FDA, OSHA Act on Brazilian Blowout

          FDA has received a number of inquiries from consumers and salon professionals concerning the safety of “Brazilian Blowout” and similar “professional use only” hair smoothing products. The U.S. Occupational Safety and Health Administration (OSHA) issued a Hazard Alert in April 2011 to hair salon owners and workers about potential formaldehyde exposure from working with these products. On August 22, 2011, FDA issued a Warning Letter citing Brazilian Blowout for safety and labeling violations. The following information is intended to answer questions people may have on this subject.
          FDA’s Role in Regulating These Products

          FDA regulates cosmetics, including hair smoothing products, under the authority of the Federal Food, Drug, and Cosmetic Act and, if they are marketed on a retail basis to consumers, under the Fair Packaging and Labeling Act. Under these laws, cosmetics do not have to be approved by FDA before going on the market. However, cosmetics must be safe and properly labeled, and companies and individuals who manufacture or market them have a legal responsibility for the safety and labeling of their products and ingredients. FDA can take action against cosmetics on the market that do not comply with the law. To learn more, see FDA Authority Over Cosmetics.

          What This Warning Letter Says About Brazilian Blowout

          FDA issues Warning Letters to notify firms or individuals that they have been found in violation of the laws FDA enforces. A Warning Letter also tells what violations need to be corrected in order to comply with the law.

          The Brazilian Blowout Warning Letter cites both safety and labeling violations. For example, the letter lists health risks associated with inhaling formaldehyde and reactions that have been reported when people used the product as directed. Among the reported reactions were eye problems, nervous system problems such as headaches and dizziness, respiratory tract problems, nausea, chest pain, vomiting, and rash. The letter also states that the labeling was misleading because it called the product “formaldehyde free,” even though people were exposed to formaldehyde when using it as intended. The labeling also failed to reveal possible consequences of using this product under the conditions prescribed in the labels or labeling.

          Regulation of Salon Safety

          FDA does not have authority over the operation of salons or the practice of cosmetology.

          Workplace safety in general, including air quality issues, is regulated by OSHA. Salons are also generally subject to state and local authorities, which may specify safety practices such as assuring proper ventilation.

          What OSHA Says About These Products

          During investigations, OSHA found formaldehyde in the air when stylists used hair smoothing products, some of which did not have formaldehyde listed on their labels or in Material Safety Data Sheets (MSDS) as required by law. During one investigation, air tests showed formaldehyde at levels greater than OSHA’s limits, even though the product tested was labeled as formaldehyde-free. OSHA states that formaldehyde presents a health hazard if workers are exposed. It can irritate the eyes and nose; cause allergic reactions of the skin, eyes, and lungs; and is linked to nose and lung cancer.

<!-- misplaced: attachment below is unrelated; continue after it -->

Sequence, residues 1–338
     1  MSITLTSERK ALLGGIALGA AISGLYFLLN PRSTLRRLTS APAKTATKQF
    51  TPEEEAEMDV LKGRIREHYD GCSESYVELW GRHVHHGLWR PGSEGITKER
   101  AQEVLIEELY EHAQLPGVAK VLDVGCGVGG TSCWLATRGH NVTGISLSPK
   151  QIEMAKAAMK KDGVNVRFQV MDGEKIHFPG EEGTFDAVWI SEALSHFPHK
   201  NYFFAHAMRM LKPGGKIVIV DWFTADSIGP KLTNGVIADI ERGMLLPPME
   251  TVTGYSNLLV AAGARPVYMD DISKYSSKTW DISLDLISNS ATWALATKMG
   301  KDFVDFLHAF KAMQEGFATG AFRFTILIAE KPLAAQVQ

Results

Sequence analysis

For OSHA’s complete statement, see Hazard Alert: Hair-Smoothing Products That Could Release Formaldehyde.

          Similar Products That Use Formaldehyde-related Ingredients

          The Brazilian Blowout Warning Letter should not be interpreted as a broad evaluation of the safety of hair-smoothing products or such ingredients as formaldehyde, methylene glycol, or other formaldehyde-related ingredients. Other hair-smoothing products may vary with respect to composition, intended conditions of use, and other factors. FDA continues to evaluate these products for safety and labeling on a case-by-case basis.

          FDA’s Advice to Consumers

          Skin sensitivity can develop after repeated contact with formaldehyde-related ingredients. When formaldehyde is released into the air it can cause serious irritation of your eyes, nose and lungs. It is recommended that you limit your exposure to products that contain formaldehyde-related ingredients to reduce these health risks.

          Read the label. If you’re purchasing a product on a retail basis, whether at a store or by mail order, including on the Internet, the product is required to have a list of the ingredients. If it doesn’t, please let FDA know. The list of ingredients is required under the Fair Packaging and Labeling Act. Here are some ingredients to look for:

          Formaldehyde
          Formalin
          Methylene glycol
          Ask your salon professional. Products that are marketed only to salon professionals may not have a list of ingredients, because the Fair Packaging and Labeling Act doesn’t apply to them. They are required, however, to have directions for safe use, and OSHA requires them to have an MSDS. You can ask salon professionals if they know whether a product contains formaldehyde-related ingredients or other ingredients you may wish to avoid. In its Hazard Alert on formaldehyde dangers to hair salon owners and workers, OSHA addressed the information companies should provide to salon workers in an MSDS. However, as OSHA also pointed out, the MSDS for Brazilian Blowout did not contain all the required information.